Tips on adjusting bread recipe to pan size
Posted: 29 May 2008 12:33 PM   [ Ignore ]
Newbie
Rank
Total Posts:  2
Joined  2008-05-29

Hi everyone! I’m struggling to perfect my pain de mie. I have two Pullman pans, one 4 1/2 X 16 1/2 and another 5 1/2 X 10 1/4 - neither of which are the size required by Rose’s recipe or any other I’ve come across. Does anyone have any suggestions on how to arrive at the amount of dough for my pans? Thanks!

Profile
 
 
Posted: 29 May 2008 01:00 PM   [ Ignore ]   [ # 1 ]
Sr. Member
Avatar
RankRankRankRank
Total Posts:  1076
Joined  2007-11-15

I did this exact thing about a year ago, but I think it took me a couple of tries to get it right.  I wish I had taken better notes—I wrote out too many calculations, but I think what worked was a simple volume ratio.  You need three figures—I will assume your width and height are the same.

Original: 4 x 4 x 16 = 256
Pan 1: 4.5 x 4.5 x 16.5 = 334.125
Pan 2: 5.5 x 5.5 x 10.25 = 310.0625

Recipe for pan 1, multiply by 1.31 (round to one and a third if working by volume)
Recipe for pan 2, multiply by 1.21 (round to one and a quarter if working by volume)

Obviously, this is easier to execute if you are working by weight.

Profile
 
 
Posted: 30 May 2008 10:07 AM   [ Ignore ]   [ # 2 ]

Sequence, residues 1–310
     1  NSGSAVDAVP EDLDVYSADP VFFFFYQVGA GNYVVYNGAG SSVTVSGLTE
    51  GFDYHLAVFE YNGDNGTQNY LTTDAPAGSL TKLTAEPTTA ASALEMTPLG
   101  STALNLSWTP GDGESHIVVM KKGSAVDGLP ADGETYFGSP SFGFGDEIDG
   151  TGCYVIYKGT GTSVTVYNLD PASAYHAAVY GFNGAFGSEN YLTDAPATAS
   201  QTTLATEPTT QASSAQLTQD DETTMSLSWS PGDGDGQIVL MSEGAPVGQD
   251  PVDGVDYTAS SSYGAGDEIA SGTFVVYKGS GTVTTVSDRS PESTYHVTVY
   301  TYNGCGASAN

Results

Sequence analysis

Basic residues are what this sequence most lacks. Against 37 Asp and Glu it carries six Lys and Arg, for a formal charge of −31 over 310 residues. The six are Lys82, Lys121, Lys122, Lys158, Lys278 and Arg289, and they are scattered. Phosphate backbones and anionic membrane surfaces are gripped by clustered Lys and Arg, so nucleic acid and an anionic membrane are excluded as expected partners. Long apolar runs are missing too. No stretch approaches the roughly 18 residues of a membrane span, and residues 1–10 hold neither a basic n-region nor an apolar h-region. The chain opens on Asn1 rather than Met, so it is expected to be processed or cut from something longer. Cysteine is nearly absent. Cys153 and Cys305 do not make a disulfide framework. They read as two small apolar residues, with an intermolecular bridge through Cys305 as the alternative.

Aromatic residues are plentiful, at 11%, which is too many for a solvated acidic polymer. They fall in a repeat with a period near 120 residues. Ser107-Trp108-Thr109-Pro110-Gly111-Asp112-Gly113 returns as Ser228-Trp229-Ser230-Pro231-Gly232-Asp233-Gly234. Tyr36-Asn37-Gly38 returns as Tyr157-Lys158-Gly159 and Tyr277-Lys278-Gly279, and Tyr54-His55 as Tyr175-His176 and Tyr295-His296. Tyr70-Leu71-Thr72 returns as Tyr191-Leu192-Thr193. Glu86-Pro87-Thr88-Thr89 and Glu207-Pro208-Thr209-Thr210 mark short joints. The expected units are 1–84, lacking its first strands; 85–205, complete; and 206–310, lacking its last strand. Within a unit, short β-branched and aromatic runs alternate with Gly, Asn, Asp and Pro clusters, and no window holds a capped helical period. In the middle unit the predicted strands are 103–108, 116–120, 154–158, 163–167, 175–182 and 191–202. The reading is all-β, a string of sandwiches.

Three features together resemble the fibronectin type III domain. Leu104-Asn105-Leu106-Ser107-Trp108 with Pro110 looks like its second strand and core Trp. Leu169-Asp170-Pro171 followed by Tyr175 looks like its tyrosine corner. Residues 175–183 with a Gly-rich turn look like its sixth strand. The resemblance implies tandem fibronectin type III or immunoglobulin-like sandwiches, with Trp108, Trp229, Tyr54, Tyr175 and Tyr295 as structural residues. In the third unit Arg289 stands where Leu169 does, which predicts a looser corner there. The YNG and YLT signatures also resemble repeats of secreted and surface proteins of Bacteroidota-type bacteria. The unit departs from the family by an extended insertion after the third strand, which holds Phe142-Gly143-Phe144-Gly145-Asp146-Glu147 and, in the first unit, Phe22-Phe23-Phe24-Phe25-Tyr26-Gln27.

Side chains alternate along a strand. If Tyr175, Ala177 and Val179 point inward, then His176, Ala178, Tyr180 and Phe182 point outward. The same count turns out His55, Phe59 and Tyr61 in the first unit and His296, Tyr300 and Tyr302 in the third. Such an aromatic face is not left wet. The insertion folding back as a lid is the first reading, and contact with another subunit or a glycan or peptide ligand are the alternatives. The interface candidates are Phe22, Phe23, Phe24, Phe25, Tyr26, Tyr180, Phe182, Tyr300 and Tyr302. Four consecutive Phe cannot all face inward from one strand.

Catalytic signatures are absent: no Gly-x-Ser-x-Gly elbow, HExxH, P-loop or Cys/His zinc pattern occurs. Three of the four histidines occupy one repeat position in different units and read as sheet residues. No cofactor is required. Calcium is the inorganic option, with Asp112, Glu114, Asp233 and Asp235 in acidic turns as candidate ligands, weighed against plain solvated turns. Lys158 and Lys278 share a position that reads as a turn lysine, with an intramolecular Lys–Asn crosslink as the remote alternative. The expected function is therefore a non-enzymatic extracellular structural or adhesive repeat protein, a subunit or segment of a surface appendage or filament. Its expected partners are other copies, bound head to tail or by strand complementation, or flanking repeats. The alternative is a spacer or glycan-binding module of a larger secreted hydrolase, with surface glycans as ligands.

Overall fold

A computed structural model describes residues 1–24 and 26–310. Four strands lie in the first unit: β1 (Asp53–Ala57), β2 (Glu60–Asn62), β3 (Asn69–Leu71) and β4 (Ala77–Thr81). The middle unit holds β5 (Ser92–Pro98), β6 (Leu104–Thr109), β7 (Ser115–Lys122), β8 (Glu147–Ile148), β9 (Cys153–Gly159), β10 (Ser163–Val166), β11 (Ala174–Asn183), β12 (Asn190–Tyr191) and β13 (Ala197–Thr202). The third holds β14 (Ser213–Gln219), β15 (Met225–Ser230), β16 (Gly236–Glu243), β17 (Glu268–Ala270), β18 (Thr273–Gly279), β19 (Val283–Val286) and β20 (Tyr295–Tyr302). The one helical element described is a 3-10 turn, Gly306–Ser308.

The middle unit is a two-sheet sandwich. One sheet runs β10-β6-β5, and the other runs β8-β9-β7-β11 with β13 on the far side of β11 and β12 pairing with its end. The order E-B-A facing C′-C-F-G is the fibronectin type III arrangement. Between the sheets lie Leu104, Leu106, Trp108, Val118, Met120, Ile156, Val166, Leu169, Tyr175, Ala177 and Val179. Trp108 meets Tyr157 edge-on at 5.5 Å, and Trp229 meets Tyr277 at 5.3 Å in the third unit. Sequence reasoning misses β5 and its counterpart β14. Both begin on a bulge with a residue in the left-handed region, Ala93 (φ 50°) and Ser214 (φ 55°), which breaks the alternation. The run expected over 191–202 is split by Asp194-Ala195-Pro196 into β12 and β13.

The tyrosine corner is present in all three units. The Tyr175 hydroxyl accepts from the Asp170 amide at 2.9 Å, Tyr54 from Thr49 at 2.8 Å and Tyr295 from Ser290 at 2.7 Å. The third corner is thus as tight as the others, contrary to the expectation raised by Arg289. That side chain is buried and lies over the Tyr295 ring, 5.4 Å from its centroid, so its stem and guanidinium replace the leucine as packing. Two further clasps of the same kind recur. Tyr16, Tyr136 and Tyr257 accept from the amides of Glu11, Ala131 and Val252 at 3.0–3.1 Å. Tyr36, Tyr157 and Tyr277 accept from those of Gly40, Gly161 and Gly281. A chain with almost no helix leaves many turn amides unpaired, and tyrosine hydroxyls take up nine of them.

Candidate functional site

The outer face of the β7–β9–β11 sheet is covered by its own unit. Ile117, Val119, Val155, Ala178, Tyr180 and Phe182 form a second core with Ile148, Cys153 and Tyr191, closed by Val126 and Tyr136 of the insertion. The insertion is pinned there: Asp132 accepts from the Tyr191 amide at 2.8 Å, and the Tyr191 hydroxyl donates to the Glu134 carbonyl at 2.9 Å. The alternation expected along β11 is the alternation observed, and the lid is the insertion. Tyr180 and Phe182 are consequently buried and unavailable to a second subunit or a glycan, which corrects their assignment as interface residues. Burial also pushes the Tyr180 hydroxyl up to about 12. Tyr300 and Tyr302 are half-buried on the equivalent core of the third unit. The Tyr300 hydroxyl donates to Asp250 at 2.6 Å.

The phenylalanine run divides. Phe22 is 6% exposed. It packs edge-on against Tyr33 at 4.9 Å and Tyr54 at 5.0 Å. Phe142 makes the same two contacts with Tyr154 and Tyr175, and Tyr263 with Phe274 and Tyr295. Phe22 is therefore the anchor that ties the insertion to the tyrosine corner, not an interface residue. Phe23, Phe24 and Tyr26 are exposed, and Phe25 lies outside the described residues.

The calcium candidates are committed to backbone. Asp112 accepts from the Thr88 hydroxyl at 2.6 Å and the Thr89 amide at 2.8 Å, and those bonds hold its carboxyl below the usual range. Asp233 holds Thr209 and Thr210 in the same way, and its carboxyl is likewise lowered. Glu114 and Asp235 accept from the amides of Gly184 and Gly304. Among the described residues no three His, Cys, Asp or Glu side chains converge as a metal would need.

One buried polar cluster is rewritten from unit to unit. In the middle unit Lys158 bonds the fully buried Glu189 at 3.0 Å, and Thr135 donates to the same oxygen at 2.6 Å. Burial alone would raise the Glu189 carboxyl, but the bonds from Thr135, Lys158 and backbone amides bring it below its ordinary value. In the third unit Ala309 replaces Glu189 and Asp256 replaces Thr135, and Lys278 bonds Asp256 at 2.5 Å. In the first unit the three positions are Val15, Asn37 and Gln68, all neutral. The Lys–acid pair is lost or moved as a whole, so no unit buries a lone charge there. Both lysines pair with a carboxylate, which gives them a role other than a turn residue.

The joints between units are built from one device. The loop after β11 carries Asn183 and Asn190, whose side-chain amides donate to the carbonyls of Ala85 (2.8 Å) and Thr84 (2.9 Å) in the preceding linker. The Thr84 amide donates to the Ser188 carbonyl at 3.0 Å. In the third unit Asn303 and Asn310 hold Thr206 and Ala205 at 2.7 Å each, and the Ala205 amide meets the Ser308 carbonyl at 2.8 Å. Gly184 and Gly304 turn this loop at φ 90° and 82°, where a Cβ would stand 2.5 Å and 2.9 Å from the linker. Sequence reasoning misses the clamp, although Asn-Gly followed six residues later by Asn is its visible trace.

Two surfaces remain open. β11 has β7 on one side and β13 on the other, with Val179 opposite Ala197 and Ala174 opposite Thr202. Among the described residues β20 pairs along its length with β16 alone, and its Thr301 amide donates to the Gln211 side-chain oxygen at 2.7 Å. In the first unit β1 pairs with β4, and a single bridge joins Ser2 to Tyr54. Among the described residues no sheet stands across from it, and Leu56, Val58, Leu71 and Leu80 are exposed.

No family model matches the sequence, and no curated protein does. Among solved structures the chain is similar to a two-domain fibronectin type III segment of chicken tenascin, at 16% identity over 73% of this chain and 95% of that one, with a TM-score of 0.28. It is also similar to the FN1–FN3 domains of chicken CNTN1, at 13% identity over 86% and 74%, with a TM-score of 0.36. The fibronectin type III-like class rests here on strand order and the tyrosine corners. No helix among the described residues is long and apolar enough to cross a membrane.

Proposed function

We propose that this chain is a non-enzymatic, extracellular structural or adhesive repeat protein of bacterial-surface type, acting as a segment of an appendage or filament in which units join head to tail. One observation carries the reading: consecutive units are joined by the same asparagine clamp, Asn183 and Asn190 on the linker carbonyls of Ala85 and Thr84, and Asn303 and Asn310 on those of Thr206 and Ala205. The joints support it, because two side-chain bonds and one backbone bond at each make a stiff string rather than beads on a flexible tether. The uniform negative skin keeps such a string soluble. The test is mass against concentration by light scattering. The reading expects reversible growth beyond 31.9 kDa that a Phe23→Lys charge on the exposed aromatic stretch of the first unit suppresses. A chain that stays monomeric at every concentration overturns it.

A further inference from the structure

Newbie
Rank
Total Posts:  2
Joined  2008-05-29

Thanks Matthew! But just to confirm I understand you correctly, are you suggesting that I calculate the volume of the pan and then adjust the ingredients proportionally? I’d always understood with baking that you couldn’t necessarily simply halve something and get the desired result - but maybe I’m wrong?

Profile
 
 
Posted: 30 May 2008 10:30 AM   [ Ignore ]   [ # 3 ]
Sr. Member
Avatar
RankRankRankRank
Total Posts:  1076
Joined  2007-11-15

Cakes are the only thing I am aware of that you can’t always scale, but only because of the different levels of chemical leavening (soda or powder) needed for various pan sizes.  I think anything else made at home can be scaled equally—when you get to commercial-level quantities, however, some of this changes.  Can anyone think of another example?  Anyway, it works just fine for breads—I do it all of the time.

Profile
 
 
Posted: 30 May 2008 10:33 AM   [ Ignore ]   [ # 4 ]
Sr. Member
Avatar
RankRankRankRank
Total Posts:  1076
Joined  2007-11-15

Btw, the only thing that will be challenging for scaling bread is calculating the salt and yeast—two ingredients everyone mostly measures by volume.  I recommend you calculate the weight of a very small unit (1/8th or 1/16th teaspoon) and then calculate the scaled up volume using that figure—-or you could just use the rough suggestions from above—increase by 1/4, etc.

Profile
 
 
   
  Back to top